• Section 9.3: Basel, planning process has not been completed.

The line between Rastatt south and Offenburg has a speed limit of 250 km/h. This speed limit will also apply to the sections of new line between Offenburg and Kenzingen and between Buggingen and Basel. Although new lines in Germany are now planned to allow running at 300 km/h, the uncompleted sections of the Karlsruhe–Basel lines are continuing to be built on alignments suitable for 250 km/h running because little saving of time would be achieved with higher speeds.[4]

Time frame

Originally the project was to have been completed in 2008, in accordance with an agreement with Switzerland. By 12 December 2004, sections 2-6, from Rastatt-Süd to Offenburg, were complete, and other sections were under construction, notably the Katzenberg tunnel. The remaining sections were still in the planning phase. With Federal Budget cuts the project will now not be completed until 2020.[12] The Federal Government has indicated that it intends to make funds available for further sections as planning approvals are achieved.[4]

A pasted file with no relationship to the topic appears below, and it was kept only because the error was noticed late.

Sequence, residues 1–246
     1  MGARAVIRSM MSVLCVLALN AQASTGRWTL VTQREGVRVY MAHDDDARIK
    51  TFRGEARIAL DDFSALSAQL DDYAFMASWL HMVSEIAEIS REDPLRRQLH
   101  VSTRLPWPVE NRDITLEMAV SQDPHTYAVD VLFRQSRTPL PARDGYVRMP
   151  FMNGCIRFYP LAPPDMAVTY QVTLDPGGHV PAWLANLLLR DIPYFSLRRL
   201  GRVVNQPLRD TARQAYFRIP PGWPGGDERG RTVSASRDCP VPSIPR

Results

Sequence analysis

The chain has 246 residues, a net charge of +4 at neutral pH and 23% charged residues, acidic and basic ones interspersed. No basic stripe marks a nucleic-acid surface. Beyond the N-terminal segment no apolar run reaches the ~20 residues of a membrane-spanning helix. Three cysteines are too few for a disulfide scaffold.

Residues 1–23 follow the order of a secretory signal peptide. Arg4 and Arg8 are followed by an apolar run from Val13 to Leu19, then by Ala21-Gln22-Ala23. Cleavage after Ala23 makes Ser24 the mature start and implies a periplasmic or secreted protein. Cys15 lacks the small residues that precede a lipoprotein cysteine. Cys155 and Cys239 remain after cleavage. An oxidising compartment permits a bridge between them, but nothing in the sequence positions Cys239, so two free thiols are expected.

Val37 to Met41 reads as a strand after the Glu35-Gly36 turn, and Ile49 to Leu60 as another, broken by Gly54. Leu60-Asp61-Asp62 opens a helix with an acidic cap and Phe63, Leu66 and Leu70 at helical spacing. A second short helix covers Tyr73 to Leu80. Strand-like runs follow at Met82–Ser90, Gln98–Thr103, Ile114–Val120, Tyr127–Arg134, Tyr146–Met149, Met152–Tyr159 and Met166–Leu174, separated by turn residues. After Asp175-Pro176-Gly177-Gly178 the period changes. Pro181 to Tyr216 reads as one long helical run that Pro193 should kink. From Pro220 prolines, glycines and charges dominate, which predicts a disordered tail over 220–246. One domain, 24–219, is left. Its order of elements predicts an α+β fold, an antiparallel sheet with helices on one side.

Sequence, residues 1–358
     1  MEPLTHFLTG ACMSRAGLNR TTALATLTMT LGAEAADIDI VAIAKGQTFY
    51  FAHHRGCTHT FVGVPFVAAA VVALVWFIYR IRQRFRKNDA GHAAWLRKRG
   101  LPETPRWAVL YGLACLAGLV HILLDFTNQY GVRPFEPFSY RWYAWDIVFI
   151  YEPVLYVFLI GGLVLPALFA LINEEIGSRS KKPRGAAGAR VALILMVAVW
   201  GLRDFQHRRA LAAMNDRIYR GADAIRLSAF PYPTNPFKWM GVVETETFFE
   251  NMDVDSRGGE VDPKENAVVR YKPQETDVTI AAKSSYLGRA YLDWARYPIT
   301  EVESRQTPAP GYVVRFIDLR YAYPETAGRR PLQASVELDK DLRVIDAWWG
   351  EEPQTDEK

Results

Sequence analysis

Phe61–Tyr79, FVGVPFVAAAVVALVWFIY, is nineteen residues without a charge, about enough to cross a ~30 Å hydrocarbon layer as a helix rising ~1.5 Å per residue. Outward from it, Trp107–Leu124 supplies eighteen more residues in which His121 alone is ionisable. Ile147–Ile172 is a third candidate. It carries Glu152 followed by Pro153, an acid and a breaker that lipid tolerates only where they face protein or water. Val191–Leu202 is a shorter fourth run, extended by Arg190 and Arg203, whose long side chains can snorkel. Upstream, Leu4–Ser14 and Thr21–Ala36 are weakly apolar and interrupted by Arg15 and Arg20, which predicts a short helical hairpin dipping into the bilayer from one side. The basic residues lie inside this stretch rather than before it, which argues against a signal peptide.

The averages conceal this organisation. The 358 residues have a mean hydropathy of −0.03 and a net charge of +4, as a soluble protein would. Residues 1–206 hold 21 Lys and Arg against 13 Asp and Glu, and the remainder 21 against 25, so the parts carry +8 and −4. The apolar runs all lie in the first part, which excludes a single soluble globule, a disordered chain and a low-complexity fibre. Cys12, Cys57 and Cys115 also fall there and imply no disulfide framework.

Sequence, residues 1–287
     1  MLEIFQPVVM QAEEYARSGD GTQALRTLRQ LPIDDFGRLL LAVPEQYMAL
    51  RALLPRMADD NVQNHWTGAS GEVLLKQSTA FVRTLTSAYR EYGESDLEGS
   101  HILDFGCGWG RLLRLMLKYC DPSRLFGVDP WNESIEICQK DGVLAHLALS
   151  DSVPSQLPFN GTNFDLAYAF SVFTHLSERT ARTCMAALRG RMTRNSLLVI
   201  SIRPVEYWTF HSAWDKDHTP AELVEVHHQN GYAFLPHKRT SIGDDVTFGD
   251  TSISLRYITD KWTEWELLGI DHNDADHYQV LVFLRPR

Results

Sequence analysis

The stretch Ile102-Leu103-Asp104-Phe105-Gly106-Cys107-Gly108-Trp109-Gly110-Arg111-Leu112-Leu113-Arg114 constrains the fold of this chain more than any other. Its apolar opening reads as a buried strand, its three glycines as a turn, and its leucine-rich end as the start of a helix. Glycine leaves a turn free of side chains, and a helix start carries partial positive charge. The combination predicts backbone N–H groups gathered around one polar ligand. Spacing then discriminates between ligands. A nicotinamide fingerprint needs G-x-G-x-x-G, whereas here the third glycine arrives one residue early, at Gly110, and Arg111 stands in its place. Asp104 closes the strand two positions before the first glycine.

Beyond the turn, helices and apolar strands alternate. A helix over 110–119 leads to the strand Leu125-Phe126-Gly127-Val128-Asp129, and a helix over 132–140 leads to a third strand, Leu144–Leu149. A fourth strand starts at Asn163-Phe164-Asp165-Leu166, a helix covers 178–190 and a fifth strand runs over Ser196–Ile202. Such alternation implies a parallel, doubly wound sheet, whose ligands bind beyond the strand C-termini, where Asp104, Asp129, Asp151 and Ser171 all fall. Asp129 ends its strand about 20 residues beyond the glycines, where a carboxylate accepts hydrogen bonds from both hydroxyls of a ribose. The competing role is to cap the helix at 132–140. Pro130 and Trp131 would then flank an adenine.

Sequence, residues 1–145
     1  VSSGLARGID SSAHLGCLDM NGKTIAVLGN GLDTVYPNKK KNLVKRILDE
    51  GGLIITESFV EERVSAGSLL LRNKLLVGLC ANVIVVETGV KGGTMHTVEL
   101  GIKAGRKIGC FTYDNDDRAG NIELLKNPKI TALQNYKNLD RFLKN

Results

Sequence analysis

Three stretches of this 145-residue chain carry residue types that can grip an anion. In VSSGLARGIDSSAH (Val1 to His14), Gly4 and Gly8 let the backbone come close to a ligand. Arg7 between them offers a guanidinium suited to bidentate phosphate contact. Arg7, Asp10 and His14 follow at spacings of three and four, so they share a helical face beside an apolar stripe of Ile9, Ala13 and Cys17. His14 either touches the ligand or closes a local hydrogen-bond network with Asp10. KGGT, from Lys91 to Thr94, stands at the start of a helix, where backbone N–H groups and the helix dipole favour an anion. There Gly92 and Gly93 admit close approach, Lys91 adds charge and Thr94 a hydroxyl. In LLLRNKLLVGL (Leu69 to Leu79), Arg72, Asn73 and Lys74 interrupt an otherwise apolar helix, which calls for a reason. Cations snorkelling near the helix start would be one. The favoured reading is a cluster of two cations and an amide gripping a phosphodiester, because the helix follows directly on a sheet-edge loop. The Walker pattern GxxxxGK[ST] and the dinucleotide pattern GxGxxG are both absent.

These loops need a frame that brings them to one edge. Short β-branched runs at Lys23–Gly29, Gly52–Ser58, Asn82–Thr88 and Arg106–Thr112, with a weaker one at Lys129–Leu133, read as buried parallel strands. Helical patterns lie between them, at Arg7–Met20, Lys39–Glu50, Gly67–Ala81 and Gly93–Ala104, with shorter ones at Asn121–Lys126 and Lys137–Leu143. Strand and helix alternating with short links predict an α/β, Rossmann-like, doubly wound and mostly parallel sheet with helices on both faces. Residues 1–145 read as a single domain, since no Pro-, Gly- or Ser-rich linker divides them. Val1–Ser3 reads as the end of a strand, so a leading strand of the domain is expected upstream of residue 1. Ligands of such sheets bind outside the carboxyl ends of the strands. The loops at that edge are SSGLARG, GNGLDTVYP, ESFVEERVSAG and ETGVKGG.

Cost and finances

According to unofficial estimates the cost of the project is about € 4.6 billion.[13] In 2006 about € 108 million was invested in it.[14]


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  4. ^ a b c
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  14. ^ Investitionsbilanz 2006 der DB AG Eurailpress of 2 January 2007 (German)